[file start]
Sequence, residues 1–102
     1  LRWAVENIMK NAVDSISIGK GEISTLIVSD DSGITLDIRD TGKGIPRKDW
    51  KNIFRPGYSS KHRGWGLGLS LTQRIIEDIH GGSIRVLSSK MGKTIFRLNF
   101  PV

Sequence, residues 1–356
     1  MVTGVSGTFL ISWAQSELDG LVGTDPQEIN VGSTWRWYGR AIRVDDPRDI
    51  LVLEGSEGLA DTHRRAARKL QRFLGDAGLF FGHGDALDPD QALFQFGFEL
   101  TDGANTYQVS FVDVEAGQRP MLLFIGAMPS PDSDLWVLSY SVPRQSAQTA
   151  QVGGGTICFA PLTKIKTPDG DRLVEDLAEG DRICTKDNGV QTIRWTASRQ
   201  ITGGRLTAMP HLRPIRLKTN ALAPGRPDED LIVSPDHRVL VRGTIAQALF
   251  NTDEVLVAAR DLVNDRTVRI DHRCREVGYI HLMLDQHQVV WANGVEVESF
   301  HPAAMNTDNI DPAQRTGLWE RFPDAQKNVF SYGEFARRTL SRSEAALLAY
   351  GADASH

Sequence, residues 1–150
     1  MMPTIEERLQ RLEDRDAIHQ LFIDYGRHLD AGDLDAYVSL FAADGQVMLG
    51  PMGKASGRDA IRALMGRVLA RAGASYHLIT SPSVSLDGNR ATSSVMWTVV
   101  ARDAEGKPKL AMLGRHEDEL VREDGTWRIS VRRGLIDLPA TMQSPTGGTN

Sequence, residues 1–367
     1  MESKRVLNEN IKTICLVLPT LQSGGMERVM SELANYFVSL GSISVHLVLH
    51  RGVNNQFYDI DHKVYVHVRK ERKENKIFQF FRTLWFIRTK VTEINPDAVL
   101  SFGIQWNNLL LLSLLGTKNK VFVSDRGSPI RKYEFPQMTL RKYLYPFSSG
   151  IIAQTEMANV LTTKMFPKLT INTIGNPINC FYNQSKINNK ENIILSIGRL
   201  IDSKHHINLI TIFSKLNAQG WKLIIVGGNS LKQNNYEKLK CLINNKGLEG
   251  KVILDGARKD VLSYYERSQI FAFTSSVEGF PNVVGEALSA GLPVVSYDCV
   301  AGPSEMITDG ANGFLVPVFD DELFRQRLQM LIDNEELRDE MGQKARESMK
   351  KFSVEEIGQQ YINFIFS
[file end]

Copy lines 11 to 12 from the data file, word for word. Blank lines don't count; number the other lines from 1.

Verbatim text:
   251  NTDEVLVAAR DLVNDRTVRI DHRCREVGYI HLMLDQHQVV WANGVEVESF
   301  HPAAMNTDNI DPAQRTGLWE RFPDAQKNVF SYGEFARRTL SRSEAALLAY